After a full year of hair loss, I realized that other symptoms had been occurring, too, although at the time I didn’t identify them as symptoms (and didn’t know what lupus was at all). I was bone-numbingly tired, oversleeping alarms and barely able to get through many days. My hands were very painful, and I began dropping things without warning. Finally, I prayed for wisdom to know what to say, then asked my dermatologist to run some bloodwork, “just to humor me,” even though she was certain I was fine (after all, besides the hair loss, I looked healthy, didn’t I, with those rosy cheeks…which turned out to be a very red, inflamed lupus rash).

The bloodwork results led me to a rheumatologist who did the most comprehensive examination I’d ever had from a medical professional. She went back in my medical history, ordered more tests, and, when all was said and done, told me, “Lupus is trying to kill you. And if you don’t do something about it, now, it will.” I’d developed internal organ involvement, and some of the damage was already permanent.

I had no idea what lupus was, but I learned quickly!

Not everyone will experience the same set of symptoms that I did. Each lupus patient is an individual, and each has an individual set of symptoms. Also, not everyone with hair loss and the other things I experienced will be diagnosed with lupus. But it behooves anyone who experiences these or other significant symptoms to seek good, attentive medical advice. Be persistent, too; I have spoken with many lupus patients whose doctors at first dismissed them and their symptoms like mine did. And pray for guidance all along the way. As I have and continue to experience, God never abandons us, especially when our lives seem to be changing in ways we do not understand.

For more information about lupus symptoms, visit the Lupus Foundation of America’s website: www.lupus.org

Blessings for the day!

Maureen

Lupus: Why Is It Called “Lupus?”

posted by mpratt
Image courtesy of porbital/FreeDigitalPhotos.net

Image courtesy of porbital/FreeDigitalPhotos.net

One of the most confounding things for many people when they first hear the term lupus is, “Why is it called ‘lupus?’” The name doesn’t resonate with people today; it doesn’t seem to describe any kind of body part or disease process. Or, does it?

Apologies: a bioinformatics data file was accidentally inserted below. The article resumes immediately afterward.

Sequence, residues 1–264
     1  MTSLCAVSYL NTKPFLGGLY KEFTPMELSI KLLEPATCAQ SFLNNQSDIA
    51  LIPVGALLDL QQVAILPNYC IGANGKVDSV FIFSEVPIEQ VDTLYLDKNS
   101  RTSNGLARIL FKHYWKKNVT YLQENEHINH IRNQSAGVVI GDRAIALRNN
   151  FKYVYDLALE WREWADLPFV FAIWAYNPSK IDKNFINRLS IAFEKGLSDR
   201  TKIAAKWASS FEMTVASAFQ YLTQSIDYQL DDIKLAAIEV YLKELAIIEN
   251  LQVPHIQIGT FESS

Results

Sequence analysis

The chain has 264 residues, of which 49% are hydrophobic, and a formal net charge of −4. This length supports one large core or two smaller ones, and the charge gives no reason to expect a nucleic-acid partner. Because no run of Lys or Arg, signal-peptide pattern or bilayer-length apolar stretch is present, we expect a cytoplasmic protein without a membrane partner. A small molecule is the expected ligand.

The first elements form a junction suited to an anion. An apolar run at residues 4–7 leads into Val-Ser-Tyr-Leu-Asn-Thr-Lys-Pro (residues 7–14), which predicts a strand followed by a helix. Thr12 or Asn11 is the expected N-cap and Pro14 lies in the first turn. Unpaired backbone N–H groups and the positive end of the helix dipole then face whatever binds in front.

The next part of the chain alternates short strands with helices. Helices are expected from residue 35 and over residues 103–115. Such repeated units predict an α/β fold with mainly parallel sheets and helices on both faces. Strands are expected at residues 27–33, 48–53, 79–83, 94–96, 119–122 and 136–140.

The word “lupus” is Latin for “wolf.” Back in the day, in the 19th century, an astute doctor noticed a very distinctive rash across a woman’s cheeks and nose. The woman had a very serious case of kidney disease, too. The doc put the two together, identified a disease process (inflammation) that was manifested in both the rash and the kidney disease, and called it “lupus,” because the rash looked much like the markings common on many wolves’ faces. Moving up into our century, the name “lupus” is still used as a catchword to encompass three major types of the disease:

cutaneous lupus – affecting the skin

systemic lupus erythematosus – affecting one or more  internal organs and, sometimes, skin as well

drug-induced lupus – Some medications can cause lupus, however when these medications are discontinued, the lupus usually goes away

There is also pediatric lupus (lupus found in children), and other sub-categories of the above.

During the past several years, as various lupus organizations have tried to raise awareness for the disease, efforts have been made to come up with a descriptive color or even a symbol for lupus. Sometimes, the color orange, associated with the sun, to which many lupus patients are very sensitive, and the color purple have both been used to connote lupus-related activities. The wolf is also used sometimes, as is the shape of a “loop.”

Personally, I find relating to the wolf a bit problemmatic; although it is a majestic animal, as a lupus patient, even one with a malar (red) facial rash, I don’t have anything in common with it (except, perhaps, for occasionally howling at new or stirred-up symptoms)! The “loop” idea also doesn’t really resonate with me, except, perhaps, for the days when lupus brain fog is really pronounced and I, too, feel “loopy.” The color orange is interesting, but personally, I prefer to wear yellow as it doesn’t clash with my reddish wigs. Purple? Doesn’t really relate, unless, as a lupus patient, you’re royally angry about an aspect of said disease.

So, we’ll continue to try to come up with descriptive images and words for this thing called lupus. As you hear more about the disease throughout this Lupus Awareness Month, you might come up with something, too. Let me know if you do!

Blessings for the day,

Maureen